Of course, such practice takes time. We need to challenge the notion that taking time to replenish ourselves— mentally, physically, and spiritually—is a luxury. Nourishing our inner lives through beliefs, rituals, images, relationships, choices and experiences that help us feel whole is not a luxury but a necessity—one we would do well to attend to.
Q: What else would you like readers to know about your book, the pursuit of thinness, body image or something related?
A: I hope that the book plants the idea in readers that whatever kind of eating or body image problem they struggle with, however mild or severe their obsession, it is an opportunity for spiritual growth. As painful as this problem can be, it can serve as a kind of wake-up call—a call to realize that we have been missing out on life, that we need new ways to find meaning and feel nourished, and that we have a responsibility to develop our potential as whole human beings who have something important to contribute to the world.
But if you are going to let go of something that has given you an abiding sense of purpose, you will need new ways to find and create meaning in your life. You can’t expect yourself to move beyond an obsession with thinness if there is nothing to look forward to on the other side. So take some time to reflect on what truly nourishes your spirit.
What inspires your creativity? What do you feel passionate about? What helps you feel inwardly strong and stable without having to be in control? Who are the people who love and support you just as you are? How can you best live out your responsibility toward others with whom you share this planet? What replenishes you and gives you peace? These are the kinds of questions we need to explore to create alternative sources of meaning as the goal of thinness loses its appeal.
Finally, it’s not too late to start accepting and loving the body you have—your body right now, just as it is. In fact, the only time you can do this is now—not in the future when you lose 10 pounds, not in the past when you fit into that smaller pair of jeans—but right here and now. You don’t have to worry about whether you will be able to love and accept your body tomorrow, or next week, or next year. The only time you can do this is now. And if you take this opportunity to accept your body in this very moment, you begin to change the body-hating habit that you have been practicing for too long.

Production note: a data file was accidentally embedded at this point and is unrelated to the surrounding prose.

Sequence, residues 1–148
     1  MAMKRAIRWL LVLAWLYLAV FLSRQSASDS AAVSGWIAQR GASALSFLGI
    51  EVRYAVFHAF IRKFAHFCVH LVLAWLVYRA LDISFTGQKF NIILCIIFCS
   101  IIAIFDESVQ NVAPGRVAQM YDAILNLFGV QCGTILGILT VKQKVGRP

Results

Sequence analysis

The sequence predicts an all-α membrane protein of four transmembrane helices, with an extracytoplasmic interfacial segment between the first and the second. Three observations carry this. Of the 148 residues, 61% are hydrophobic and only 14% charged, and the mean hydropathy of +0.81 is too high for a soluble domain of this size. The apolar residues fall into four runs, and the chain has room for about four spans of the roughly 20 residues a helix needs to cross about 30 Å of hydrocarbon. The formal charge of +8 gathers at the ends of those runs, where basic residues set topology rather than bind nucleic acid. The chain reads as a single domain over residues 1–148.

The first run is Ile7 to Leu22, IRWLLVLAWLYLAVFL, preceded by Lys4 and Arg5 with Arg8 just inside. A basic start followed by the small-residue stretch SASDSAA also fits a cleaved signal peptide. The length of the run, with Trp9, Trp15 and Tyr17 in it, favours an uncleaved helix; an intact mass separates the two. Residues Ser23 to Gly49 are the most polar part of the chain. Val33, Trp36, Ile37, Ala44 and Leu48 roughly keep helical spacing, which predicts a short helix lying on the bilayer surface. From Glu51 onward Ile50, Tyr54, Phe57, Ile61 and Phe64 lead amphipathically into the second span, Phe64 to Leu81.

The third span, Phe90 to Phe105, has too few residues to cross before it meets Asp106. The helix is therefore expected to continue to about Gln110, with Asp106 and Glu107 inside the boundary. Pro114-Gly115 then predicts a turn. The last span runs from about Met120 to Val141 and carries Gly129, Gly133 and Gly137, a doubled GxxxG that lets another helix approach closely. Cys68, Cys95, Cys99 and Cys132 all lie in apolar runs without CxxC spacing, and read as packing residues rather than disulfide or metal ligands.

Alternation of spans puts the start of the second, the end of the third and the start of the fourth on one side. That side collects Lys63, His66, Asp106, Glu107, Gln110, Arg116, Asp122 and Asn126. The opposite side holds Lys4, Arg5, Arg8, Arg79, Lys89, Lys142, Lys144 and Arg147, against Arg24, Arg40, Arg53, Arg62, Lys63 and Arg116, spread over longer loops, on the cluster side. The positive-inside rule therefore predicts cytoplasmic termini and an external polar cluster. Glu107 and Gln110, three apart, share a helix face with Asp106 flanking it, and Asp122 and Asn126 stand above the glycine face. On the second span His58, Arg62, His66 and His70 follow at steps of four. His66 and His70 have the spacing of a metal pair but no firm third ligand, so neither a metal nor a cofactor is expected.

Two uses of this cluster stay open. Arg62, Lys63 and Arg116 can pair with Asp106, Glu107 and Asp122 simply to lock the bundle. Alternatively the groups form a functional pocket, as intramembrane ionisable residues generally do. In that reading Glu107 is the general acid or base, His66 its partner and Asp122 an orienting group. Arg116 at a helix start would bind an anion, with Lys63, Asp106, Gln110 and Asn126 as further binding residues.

The more you practice self-acceptance, the stronger your new habit of self-love will become. This kind of healing is a process—not a destination. Sometimes the journey can be two steps forward and one step back. Just as it’s important to not get perfectionistic about your body, so it’s important to not get perfectionistic about your recovery. The only way to create new habits is to practice, practice, practice.
In addition to practicing self-acceptance, you can practice cultural criticism of society’s demeaning messages; you can practice making daily choices that promote a more peaceful attitude toward your body; you can practice paying attention to what’s going on inside you so that you can discern what you really need; you can practice trusting yourself and trusting life so you don’t feel the need to always be “in control,” you can practice returning to your deepest values to give you a broader perspective and you can practice listening to that wise part of yourself that already sees through the myth that being thinner will save you.
Michelle, thank you so much for a fantastic interview! I’m so grateful that you took the time to share such important and interesting information with us.
Today’s favorite post. Here’s more on practical ways to find peace from Michelle at her Psychology Today blog.